Now imagine that same buyer sees the same house on your Facebook Live video. She wants to know how big the master closets are, so you walk her through the master suite in real time on a virtual tour. She books an appointment to see the house in person. After the open house, you post your video on your site for additional engagement, and you get two more offers.
A virtual open house is a game-changer, especially when you factor in weather, compressed sale durations and picky sellers who may be averse to hosting a flood of strangers into their home.
Fallacies about the buying process keep many renters from exploring the possibility of buying a home, but savvy real estate agents know a little education can go a long way in turning many of these would-be renters into lifelong homeowners. Many renters consider home ownership out of reach, have concerns about economic uncertainty and fear of a housing downturn as reasons to sit on the sidelines, with many preferring to watch the market before making a move to buy.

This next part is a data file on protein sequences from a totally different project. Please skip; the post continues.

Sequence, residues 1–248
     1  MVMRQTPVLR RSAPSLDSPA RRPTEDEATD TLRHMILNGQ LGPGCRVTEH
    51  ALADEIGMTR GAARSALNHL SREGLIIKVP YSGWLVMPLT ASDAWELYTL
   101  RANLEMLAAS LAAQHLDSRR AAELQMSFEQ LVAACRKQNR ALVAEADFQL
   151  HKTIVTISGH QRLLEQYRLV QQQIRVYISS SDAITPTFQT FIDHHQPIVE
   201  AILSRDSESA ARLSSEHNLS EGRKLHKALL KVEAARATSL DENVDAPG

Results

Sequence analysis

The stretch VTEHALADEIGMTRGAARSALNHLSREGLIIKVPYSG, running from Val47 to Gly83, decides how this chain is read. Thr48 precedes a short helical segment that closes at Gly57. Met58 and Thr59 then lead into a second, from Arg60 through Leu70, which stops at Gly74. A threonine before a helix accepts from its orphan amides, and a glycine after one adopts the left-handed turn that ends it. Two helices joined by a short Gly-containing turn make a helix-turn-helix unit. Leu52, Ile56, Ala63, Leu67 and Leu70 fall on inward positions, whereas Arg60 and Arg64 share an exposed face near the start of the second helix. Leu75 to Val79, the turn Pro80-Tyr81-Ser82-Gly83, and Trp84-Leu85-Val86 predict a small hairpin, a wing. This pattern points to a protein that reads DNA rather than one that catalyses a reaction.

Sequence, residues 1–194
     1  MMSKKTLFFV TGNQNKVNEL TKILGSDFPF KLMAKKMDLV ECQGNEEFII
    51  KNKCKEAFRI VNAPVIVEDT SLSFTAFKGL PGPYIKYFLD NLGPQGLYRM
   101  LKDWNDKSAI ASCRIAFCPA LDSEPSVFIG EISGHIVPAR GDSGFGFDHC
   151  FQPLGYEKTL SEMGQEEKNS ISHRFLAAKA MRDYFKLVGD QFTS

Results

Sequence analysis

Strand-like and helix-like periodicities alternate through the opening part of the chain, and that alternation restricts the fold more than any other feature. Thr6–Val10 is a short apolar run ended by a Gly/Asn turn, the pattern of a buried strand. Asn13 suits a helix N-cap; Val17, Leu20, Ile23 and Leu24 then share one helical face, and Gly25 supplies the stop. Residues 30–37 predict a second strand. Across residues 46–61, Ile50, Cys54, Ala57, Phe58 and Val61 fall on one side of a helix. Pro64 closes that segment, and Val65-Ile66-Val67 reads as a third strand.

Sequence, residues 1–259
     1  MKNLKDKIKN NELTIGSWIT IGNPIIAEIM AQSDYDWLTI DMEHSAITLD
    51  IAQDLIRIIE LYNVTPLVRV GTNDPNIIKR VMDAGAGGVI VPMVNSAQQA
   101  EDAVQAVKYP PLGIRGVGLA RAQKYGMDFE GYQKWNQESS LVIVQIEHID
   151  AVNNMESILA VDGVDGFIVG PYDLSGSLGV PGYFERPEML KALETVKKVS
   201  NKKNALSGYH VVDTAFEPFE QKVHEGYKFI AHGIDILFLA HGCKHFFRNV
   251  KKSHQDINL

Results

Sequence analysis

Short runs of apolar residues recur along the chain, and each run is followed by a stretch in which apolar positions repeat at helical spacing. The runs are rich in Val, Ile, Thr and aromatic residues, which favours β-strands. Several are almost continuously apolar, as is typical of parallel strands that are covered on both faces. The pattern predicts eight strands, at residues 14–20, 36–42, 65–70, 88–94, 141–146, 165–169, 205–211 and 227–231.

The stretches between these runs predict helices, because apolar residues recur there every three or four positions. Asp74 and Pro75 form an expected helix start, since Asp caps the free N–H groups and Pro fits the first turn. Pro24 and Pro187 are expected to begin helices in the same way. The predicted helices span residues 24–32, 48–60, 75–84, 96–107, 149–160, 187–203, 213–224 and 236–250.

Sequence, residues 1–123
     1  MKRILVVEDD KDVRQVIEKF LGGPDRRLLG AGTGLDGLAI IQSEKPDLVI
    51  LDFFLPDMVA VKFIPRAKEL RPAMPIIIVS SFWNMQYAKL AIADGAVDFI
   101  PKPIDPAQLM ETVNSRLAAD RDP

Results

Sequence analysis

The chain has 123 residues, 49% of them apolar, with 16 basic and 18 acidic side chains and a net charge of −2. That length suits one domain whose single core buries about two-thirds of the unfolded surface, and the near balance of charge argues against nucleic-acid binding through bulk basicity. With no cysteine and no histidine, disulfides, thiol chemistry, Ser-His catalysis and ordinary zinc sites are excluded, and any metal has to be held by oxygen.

Originally published on dotloop.com
Real estate coaches provide objective business consulting and can even provide the catalyst for personal transformations. But who needs a coach and what’s the best way to select one?
An experienced real estate agent with a solid clientele and a steady stream of income might ask, “Why would I want to hire a real estate coach?”
Fair point. With reputable programs starting at around $500 per month and a significant time commitment, coaching is neither cheap nor always convenient. Perhaps most challenging, coaching involves giving someone else permission to scrutinize every aspect of an agent’s life and business practices.
However, both newcomers and top-earning agents who find the right coach agree that the increased business and, in some cases, the personal transformations they gain more than pay for the investment. Here’s why.